Why are alternative fashion displays often better at showcasing fashion than the traditional fashion museum? Jihane Dyer, a graduate of Central Saint Martins’ Fashion Theory and History course, shares her thoughts on contemporary fashion exhibition-making, and speaks to fashion curators Jeff Horsley, Alistair O’Neill and designer Charles Jeffrey to imagine a fashion-curatorial space outside the established institution.
From the exhibition ‘RED Comme des Garçons: innovation, provocation’ at Live Archive, curated by Jeff Horsley.
In spite of contemporary fashion’s long and challenging struggle to be considered ‘worthy’ of the museum institution, blockbuster fashion shows have fast become the money-makers in a climate where museums are facing ever-increasing budget cuts. Savage Beauty is the perfect case in point; its staging at the Met attracted over half a million visitors, while it’s V&A instalment was recently announced as the most popular show in the museum’s history.
We all flock to these shows, but are we really getting our time and money’s worth? And perhaps more importantly, are museums’ showstopper collecting policies neglecting too much of contemporary fashion output? Museums’ obligations to educate, combined with narratives deeply constructed according to institutional policy and wider social assumptions, have too often resulted in limited interpretations of material culture and the lurking sense that we’re just not being challenged enough.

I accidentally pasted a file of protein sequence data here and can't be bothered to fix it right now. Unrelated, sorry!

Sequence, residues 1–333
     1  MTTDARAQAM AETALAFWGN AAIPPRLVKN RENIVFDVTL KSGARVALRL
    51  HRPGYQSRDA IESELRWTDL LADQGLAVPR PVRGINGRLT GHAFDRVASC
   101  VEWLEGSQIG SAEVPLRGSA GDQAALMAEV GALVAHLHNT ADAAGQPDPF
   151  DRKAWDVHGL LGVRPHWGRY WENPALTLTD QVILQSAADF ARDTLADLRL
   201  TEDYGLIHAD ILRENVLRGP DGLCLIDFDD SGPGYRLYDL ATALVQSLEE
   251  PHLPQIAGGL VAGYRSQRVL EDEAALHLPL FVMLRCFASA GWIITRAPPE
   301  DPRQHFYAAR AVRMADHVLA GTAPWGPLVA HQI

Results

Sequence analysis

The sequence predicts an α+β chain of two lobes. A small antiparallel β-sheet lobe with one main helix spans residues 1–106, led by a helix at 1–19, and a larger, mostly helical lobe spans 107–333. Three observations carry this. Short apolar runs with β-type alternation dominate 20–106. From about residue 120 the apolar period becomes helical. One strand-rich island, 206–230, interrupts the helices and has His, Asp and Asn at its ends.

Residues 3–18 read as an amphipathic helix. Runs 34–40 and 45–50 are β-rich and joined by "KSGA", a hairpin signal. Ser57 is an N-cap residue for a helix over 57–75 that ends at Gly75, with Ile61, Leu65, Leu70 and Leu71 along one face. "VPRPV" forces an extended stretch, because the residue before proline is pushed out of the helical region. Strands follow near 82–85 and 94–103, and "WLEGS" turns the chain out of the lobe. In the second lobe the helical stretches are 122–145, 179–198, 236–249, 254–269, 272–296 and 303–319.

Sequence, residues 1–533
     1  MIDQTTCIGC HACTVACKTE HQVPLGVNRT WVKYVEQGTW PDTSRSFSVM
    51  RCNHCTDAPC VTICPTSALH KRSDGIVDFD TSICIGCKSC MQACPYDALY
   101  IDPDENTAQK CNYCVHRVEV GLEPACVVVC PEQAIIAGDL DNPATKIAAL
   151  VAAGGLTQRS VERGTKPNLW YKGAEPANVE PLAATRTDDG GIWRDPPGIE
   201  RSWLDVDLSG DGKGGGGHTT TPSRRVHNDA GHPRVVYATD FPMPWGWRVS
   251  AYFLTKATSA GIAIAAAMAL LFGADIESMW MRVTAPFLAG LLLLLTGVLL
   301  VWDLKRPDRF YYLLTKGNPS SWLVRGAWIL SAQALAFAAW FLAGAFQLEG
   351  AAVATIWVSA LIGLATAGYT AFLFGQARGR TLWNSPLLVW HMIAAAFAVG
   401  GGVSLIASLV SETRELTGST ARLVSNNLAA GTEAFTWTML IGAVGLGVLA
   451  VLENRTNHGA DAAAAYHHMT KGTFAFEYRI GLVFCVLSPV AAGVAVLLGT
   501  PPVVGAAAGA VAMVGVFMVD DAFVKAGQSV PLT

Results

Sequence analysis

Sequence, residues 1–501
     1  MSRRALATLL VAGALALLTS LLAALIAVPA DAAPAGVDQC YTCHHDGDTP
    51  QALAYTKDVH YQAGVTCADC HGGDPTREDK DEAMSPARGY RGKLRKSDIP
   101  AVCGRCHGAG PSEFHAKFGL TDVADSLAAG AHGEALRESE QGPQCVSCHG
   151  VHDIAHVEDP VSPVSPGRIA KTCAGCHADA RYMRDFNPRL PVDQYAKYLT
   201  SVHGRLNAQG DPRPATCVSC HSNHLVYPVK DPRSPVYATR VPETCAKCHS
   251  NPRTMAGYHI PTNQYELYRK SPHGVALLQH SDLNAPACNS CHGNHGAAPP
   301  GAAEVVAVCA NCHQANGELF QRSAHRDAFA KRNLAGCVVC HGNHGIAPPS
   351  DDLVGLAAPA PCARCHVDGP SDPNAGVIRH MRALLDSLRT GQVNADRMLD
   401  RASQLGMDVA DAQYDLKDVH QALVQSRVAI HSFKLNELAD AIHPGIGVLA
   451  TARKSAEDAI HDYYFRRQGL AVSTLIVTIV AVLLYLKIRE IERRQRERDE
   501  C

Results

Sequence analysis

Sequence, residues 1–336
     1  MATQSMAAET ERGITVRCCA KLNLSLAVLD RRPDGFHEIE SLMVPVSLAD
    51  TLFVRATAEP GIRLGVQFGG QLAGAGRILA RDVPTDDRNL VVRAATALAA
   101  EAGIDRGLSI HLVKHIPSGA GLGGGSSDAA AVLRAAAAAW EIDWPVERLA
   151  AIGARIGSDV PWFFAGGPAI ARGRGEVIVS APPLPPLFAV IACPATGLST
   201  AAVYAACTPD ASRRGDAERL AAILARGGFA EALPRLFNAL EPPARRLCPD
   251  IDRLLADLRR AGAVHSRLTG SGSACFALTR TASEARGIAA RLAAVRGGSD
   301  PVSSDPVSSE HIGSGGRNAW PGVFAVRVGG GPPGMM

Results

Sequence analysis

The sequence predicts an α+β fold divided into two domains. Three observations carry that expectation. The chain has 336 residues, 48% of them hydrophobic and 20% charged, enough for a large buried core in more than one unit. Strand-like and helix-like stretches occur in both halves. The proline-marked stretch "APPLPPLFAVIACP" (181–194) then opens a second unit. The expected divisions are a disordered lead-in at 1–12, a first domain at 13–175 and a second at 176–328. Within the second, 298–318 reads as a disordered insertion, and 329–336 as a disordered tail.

Perhaps, then, the future of fashion exhibitions lies outside of the museum, where freedom from collection restraints and, where possible, a lack of state informed policy allow innovation and critical engagement to take centre stage. The last few years have seen fashion exhibitions popping up in all manner of venues: retail environments, cultural centres, renowned contemporary art galleries, and exhibition spaces in academic institutions – including Central Saint Martins’ own Lethaby Gallery that greets visitors and students on entering from the main entrance. More recently, smaller galleries dedicated to exhibiting contemporary fashion have emerged. Melbourne-based Centre For Style is notably disrupting the conventions associated with the practise (headed by Matthew Linde), while leading the way in London are Live Archives and Maison Mais Non.
“Museums are where fashion goes to die.”
from Alexander McQueen’s ‘Savage Beauty’ at the V&A
While certain examples are easily recognisable as thinly veiled marketing tools aimed at appealing to the public’s heightened cultural consciousness (you know which ones) others are breaking ground in the innovative and explorative display of contemporary fashion and are filling the gaps left by museums. To find how, I spoke to two London-based curators leading the way in innovative fashion exhibition making – Jeff Horsley, curator at Live Archives, and Alistair O’Neill, part-CSM Fashion History & Theory course leader, part-Somerset House fashion curator – as well as MA Fashion graduate Charles Jeffrey, whose designs have been exhibited in two pioneering exhibitions so far this year.